As I sat in Dr. Wu Jiaqi’s office, he felt my pulses in both my wrists and declared that my pulse was weak. I thought about explaining my intent to take up jogging, but it was clear that was not what he meant. Further examination of my abdomen led him to pronounce that my intestines were cold and that he was going to make them warmer – as they should be. This was not my first foray into Traditional Chinese Medicine (TCM), but this was my first time seeing Dr. Wu who is working out of the new Oasis Hospital near the 798 Art District. In TCM circles, I’ve heard phrases like hot, cold, strong, weak, wet, and dry used too describe symptoms before. I always feel like something must be getting lost in translation with these explanations and it was clear that Dr. Wu could sense my lack of understanding, so he added that I have stress in my abdomen and he was going to help my nervous system to relax so that the symptoms would diminish. Specifically, he was looking for at least an 80% reduction in my abdominal discomfort and, hopefully, I’d gain a bit of weight too as he clearly thinks I’m also too skinny. He’s in good company there.
Previously, I’ve tried all manner of treatments for my tummy troubles, but this was the first time I was trying Chinese acupuncture. Dr. Wu is renowned for his needle skills (especially for people who are over-weight or suffering hair loss) and he even practiced acupuncture for many years in the USA before returning to China. To date, I have received four treatments, each lasting about one hour (approximately 30 minutes on each side). In my case, he determined that I needed warm needles, so he hooked me up to what appeared to be a very sophisticated machine for ensuring that I received the correct amount of current and was not electrocuted. It may look painful, but most of the time I did not feel any pain when the needles were applied (an occasional twinge) and the heat from the electric current actually felt very soothing. An infrared heat lamp was also used to warm the area during each treatment.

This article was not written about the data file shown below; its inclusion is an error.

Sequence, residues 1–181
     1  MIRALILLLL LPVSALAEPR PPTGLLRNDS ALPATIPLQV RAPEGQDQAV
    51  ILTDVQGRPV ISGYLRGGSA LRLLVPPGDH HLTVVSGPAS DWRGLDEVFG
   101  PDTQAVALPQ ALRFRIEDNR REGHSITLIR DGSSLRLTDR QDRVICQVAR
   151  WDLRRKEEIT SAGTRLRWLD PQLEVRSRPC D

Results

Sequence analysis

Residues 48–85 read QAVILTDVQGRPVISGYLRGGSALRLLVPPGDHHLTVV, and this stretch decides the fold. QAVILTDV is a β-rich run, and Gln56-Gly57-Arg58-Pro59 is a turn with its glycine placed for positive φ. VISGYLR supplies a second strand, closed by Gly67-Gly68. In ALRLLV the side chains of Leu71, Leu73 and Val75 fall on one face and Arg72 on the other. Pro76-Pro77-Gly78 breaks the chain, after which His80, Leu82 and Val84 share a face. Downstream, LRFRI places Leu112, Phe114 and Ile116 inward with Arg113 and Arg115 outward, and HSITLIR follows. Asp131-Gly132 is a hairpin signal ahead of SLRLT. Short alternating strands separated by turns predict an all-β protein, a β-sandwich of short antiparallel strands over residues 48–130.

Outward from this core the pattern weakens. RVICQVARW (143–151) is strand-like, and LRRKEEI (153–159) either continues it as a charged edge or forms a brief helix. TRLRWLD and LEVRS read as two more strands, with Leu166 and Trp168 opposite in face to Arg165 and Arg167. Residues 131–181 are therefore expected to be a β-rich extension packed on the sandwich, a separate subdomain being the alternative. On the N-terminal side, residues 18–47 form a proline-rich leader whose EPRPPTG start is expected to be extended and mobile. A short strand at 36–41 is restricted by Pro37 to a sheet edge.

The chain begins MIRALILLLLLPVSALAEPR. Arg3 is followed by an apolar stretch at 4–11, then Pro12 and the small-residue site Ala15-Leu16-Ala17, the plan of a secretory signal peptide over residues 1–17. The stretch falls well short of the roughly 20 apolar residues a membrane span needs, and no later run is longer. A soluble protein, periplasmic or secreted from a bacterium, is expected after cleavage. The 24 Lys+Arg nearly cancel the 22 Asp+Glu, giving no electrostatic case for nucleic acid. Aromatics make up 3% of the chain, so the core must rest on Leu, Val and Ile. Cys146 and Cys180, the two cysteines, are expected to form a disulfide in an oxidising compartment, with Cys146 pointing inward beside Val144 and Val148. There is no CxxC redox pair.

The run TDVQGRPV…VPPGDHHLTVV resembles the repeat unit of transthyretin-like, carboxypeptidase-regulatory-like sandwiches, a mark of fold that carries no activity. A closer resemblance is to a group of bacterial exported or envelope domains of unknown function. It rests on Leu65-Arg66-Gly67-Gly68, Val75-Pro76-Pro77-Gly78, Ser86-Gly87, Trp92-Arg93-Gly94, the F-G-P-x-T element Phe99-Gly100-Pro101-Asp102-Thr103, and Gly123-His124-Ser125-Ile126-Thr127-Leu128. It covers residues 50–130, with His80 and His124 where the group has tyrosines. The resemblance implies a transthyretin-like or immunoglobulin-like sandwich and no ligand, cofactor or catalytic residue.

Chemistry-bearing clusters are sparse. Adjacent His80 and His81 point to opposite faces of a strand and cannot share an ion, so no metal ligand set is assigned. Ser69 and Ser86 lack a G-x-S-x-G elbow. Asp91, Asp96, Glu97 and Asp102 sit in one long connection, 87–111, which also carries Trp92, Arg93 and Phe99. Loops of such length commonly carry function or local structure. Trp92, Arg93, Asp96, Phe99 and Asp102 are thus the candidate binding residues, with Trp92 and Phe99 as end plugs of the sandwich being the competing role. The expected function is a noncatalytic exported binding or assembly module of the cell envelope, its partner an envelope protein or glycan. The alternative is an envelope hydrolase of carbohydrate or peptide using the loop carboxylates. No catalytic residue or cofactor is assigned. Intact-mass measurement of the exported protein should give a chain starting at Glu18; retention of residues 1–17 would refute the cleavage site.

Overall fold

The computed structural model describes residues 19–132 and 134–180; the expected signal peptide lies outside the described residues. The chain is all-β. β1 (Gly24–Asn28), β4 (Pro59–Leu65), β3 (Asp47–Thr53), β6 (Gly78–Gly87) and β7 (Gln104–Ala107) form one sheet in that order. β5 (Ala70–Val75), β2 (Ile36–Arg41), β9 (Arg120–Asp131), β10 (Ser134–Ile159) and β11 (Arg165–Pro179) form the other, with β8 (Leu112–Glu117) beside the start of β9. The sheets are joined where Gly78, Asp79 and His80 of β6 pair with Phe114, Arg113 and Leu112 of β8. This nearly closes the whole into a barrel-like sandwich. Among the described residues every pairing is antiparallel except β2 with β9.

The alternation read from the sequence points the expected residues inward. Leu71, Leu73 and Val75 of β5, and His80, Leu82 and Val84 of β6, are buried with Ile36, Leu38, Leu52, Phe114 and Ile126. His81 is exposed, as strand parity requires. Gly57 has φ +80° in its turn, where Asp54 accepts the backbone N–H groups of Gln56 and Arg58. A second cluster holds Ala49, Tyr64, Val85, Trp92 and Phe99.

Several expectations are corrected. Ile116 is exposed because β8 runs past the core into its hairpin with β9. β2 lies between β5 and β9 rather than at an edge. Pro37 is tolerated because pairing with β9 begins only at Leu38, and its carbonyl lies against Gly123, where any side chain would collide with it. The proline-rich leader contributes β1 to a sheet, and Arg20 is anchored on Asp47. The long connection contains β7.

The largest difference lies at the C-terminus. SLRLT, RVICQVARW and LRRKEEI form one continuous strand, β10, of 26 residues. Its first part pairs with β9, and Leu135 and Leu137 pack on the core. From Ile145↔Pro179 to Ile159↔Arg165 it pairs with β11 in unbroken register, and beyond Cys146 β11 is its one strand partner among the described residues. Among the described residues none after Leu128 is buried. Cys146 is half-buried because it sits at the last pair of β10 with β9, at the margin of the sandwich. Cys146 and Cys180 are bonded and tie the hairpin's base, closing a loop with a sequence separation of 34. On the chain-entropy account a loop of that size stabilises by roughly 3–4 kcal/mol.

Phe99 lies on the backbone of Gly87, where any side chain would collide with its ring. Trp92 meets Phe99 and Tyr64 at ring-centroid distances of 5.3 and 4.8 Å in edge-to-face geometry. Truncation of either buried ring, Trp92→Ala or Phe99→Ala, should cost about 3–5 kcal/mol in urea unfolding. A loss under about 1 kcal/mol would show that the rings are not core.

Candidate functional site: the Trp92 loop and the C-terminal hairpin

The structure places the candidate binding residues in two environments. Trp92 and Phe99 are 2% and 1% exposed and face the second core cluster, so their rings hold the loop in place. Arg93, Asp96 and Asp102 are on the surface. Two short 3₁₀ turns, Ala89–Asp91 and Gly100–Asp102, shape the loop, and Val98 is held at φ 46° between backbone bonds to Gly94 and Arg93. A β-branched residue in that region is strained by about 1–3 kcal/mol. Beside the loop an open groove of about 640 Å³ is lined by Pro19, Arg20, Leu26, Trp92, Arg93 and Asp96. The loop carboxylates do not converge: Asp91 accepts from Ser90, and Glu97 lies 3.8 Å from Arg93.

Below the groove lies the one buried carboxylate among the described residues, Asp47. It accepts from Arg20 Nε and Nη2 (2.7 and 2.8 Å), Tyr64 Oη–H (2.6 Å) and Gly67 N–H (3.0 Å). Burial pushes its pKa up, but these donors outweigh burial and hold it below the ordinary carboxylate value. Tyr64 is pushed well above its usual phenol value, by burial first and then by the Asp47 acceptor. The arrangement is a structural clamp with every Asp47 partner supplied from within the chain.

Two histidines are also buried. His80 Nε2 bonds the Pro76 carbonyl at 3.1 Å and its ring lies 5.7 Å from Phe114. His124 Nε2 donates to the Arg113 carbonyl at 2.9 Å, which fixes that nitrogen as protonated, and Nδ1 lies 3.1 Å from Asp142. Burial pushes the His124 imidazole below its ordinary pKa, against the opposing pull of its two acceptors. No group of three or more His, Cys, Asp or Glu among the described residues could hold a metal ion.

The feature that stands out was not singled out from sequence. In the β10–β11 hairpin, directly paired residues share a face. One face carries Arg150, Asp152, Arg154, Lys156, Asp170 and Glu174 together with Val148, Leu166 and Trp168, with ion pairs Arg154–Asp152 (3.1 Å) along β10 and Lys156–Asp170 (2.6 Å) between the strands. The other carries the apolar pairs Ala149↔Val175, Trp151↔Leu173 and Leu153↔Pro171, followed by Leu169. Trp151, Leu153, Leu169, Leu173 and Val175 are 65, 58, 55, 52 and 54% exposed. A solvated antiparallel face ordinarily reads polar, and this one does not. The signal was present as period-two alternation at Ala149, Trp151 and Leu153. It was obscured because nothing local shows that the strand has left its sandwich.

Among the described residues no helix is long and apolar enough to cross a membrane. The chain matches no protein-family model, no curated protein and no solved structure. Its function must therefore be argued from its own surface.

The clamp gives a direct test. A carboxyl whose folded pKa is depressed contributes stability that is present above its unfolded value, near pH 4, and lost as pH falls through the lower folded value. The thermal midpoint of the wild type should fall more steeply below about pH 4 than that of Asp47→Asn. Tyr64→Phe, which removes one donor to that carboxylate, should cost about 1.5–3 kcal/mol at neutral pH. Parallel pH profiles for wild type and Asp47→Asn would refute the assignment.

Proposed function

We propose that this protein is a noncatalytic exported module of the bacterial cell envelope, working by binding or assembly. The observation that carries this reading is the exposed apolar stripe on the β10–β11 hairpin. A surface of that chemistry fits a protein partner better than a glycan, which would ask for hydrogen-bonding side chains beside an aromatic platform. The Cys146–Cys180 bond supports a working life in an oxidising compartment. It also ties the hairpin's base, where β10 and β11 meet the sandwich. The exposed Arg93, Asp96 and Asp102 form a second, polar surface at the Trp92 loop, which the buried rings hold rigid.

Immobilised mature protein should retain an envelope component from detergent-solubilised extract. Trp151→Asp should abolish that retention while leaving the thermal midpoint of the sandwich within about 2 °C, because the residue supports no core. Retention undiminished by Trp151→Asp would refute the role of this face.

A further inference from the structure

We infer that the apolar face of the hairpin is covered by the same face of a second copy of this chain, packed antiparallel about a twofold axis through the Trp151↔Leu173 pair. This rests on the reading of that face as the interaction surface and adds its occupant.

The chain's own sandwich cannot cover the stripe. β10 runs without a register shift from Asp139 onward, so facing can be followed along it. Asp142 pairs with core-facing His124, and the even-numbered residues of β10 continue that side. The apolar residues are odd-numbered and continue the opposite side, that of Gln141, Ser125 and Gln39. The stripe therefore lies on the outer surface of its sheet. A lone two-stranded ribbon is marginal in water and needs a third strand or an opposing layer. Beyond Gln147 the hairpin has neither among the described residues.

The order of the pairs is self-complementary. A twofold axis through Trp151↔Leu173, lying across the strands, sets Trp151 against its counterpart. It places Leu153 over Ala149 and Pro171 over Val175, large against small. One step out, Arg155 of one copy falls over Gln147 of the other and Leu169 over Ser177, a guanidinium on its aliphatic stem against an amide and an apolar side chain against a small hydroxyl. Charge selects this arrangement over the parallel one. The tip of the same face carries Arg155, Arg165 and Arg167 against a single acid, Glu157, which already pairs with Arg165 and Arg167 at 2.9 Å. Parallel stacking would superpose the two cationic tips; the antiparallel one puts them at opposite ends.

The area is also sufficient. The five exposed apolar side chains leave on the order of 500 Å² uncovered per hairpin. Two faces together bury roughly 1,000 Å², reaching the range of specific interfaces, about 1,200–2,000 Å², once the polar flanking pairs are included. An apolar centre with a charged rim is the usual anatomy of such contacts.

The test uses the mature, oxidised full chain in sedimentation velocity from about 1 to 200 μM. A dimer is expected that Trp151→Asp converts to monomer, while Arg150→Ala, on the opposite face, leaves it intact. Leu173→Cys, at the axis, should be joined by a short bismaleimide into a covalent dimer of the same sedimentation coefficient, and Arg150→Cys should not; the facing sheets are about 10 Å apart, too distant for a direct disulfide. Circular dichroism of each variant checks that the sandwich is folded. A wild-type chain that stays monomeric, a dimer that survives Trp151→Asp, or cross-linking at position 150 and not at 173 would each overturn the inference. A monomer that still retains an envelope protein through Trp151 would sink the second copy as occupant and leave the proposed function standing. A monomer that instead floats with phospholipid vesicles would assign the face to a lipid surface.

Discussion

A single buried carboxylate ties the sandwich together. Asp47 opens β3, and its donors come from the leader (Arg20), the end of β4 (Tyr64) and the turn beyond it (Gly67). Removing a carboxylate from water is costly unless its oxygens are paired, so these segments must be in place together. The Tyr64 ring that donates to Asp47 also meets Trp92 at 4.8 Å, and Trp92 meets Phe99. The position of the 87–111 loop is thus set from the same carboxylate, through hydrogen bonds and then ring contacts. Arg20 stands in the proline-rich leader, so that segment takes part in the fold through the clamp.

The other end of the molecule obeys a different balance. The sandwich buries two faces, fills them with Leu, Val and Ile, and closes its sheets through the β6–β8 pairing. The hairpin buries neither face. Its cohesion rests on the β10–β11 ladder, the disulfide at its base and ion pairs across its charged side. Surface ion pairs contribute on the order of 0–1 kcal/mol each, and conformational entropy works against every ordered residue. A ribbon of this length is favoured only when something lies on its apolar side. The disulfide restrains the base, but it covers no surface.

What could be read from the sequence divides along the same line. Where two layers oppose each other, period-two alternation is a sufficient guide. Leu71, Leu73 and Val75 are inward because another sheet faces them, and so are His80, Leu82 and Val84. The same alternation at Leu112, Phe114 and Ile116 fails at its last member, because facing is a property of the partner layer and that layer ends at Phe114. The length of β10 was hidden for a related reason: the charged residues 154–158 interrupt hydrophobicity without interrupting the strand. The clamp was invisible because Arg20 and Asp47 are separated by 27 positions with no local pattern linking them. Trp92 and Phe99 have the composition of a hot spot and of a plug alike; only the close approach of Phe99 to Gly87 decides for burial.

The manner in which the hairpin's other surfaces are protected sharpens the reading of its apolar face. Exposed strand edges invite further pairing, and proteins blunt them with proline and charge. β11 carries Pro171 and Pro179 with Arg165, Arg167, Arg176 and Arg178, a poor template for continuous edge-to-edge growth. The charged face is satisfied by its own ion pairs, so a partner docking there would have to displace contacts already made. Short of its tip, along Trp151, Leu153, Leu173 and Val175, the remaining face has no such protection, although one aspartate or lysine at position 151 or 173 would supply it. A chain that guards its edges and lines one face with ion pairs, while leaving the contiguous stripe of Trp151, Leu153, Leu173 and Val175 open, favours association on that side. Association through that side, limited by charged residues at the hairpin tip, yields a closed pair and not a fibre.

After the first round of acupuncture, I didn’t really notice any change, but each subsequent treatment left me feeling better and better. My appetite improved, my gut felt much more relaxed, and when asked by the Dr. Wu, I could honestly say that my stomach did feel warmer – even a week after the treatment. It was a strange realization for me, as I had never thought about the temperature of my gut before. It’s nice to have warm fuzzies again.
TCM treatments seem to rarely be isolated, so next time I will write about the herbal remedy that Dr. Wu had the TCM pharmacologist brewed up for me.